China’s cyberspace regulator fined Didi Global just over 8 billion yuan ($1.2 billion) on Thursday for violating cybersecurity and data laws, putting an end to a yearlong investigation into the ride-hailing giant.
The Cyberspace Administration of China (CAC) said in a statement that the firm had breached the country’s cybersecurity law, data security law, and personal information protection law.
“The facts of violations of laws and regulations are clear, the evidence is conclusive, the circumstances are serious, and the nature is vile,” the statement added.
Aside from the $1.19 billion penalty, the regulator also imposed a personal fine of 1 million yuan ($147,000) on Didi’s chairman and CEO Cheng Wei and president Liu Qing, respectively. Liu Qing is also known as Jean Liu in English.
In a separate statement, the CAC said the investigators found Didi had committed 16 law violations, including illegally obtaining some information from users’ smartphones and collecting data on facial recognition, age, jobs, and family relationships.
It added that the company had “avoided fulfilling the explicit requirements from the regulatory authorities, and maliciously evaded supervision,” and the company’s “illegal operations” have brought “serious security risks to the security of China’s key information infrastructure and data security.”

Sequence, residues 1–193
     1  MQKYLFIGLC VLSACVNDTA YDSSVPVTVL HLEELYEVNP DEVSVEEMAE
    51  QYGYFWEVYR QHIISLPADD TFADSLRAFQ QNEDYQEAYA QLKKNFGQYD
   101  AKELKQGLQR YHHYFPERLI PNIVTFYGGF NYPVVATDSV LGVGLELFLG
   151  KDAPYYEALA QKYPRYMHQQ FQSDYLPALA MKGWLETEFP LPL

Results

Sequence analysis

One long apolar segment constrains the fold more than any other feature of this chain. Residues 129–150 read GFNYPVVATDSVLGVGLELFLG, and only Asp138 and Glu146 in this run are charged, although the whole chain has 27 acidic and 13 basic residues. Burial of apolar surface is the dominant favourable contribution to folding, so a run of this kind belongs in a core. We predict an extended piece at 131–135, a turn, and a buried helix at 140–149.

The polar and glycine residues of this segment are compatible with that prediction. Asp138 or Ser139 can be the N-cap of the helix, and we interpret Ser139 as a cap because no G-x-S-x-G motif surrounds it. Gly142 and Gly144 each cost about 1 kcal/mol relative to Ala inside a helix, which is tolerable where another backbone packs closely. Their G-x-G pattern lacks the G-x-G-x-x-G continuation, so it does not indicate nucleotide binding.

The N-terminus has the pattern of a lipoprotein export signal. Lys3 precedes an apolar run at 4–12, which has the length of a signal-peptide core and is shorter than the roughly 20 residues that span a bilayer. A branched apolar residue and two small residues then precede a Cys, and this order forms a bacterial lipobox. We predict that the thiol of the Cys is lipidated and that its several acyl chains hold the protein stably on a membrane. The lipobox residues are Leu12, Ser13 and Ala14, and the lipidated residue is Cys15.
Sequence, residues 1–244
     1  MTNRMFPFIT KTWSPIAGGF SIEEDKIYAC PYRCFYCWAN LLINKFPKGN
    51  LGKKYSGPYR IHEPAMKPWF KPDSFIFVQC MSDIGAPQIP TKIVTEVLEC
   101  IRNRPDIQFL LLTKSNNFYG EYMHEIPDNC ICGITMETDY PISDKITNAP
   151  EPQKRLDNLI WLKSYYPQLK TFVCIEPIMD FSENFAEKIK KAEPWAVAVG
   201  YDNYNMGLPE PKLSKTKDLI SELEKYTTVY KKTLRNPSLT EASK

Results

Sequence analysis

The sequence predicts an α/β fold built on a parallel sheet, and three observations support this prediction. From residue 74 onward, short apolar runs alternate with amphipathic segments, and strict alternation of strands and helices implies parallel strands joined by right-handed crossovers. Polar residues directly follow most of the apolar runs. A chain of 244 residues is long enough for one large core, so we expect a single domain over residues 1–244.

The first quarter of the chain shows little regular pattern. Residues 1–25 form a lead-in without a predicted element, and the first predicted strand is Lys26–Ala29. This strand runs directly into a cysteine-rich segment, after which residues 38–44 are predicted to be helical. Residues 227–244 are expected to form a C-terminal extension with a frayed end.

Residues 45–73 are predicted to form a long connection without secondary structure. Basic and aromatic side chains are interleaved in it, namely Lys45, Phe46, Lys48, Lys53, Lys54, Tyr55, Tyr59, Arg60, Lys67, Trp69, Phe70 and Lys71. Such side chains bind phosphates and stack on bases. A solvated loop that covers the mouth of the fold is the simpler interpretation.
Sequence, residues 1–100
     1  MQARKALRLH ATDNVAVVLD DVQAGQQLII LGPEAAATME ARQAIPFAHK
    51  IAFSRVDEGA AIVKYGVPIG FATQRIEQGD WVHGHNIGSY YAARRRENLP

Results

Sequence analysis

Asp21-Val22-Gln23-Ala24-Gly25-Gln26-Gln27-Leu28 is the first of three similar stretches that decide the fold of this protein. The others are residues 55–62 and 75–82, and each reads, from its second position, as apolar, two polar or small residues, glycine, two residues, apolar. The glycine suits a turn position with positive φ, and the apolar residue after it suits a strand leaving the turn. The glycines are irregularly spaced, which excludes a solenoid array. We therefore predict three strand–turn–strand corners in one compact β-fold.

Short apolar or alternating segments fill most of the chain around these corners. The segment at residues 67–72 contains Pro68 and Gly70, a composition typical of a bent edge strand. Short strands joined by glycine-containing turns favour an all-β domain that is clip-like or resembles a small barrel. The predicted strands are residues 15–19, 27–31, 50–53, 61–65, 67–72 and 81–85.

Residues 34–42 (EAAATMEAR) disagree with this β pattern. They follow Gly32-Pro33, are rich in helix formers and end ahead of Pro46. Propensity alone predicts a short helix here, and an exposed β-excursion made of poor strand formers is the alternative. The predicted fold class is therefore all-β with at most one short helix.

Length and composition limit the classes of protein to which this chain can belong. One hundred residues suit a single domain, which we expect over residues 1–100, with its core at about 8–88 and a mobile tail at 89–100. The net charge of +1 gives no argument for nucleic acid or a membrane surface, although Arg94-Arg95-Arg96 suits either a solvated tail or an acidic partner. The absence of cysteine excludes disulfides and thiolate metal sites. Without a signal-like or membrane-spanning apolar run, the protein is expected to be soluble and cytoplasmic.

Just days after Didi’s $4.4 billion IPO on Wall Street on June 30, 2021, the regulator banned Didi from app stores in the country and launched an investigation into its handling of customer data. Authorities accused Didi of breaking privacy laws and posing cybersecurity risks. Their actions were also widely seen as punishment for the company’s decision to go public overseas instead of in China.
The regulatory actions made the firm a poster child for Beijing’s crackdown on tech companies, and wiped tens of billions of dollars from its market capitalization.
It also hit Didi’s domestic business. The company reported a $4.7 billion loss for the third quarter of 2021. Its revenue dropped 1.7% from the same period a year earlier.
Under pressure from Chinese regulators, Didi announced in December that it would start the process of delisting from the NYSE and pivot to Hong Kong. In May, shareholders of Didi voted to authorize the company to be delisted from the NYSE.
Shortly after the regulator’s announcements, Didi Global responded in a statement on Thursday that it “sincerely” accepts the regulator’s imposition of administrative penalties.
“We sincerely accept this decision, and resolutely obey it. We will strictly follow the penalty decision and the requirements of relevant laws and regulations, conduct comprehensive and in-depth self-examination, and actively cooperate with supervision and complete rectification carefully,” it said.
“We will take this as a warning and further strengthen the construction of cyberspace security and data security, strengthen the protection of personal information, and earnestly fulfill our social responsibilities. We will serve every passenger, driver and partner well, and realize the safe, healthy and sustainable development of the enterprise,” it added.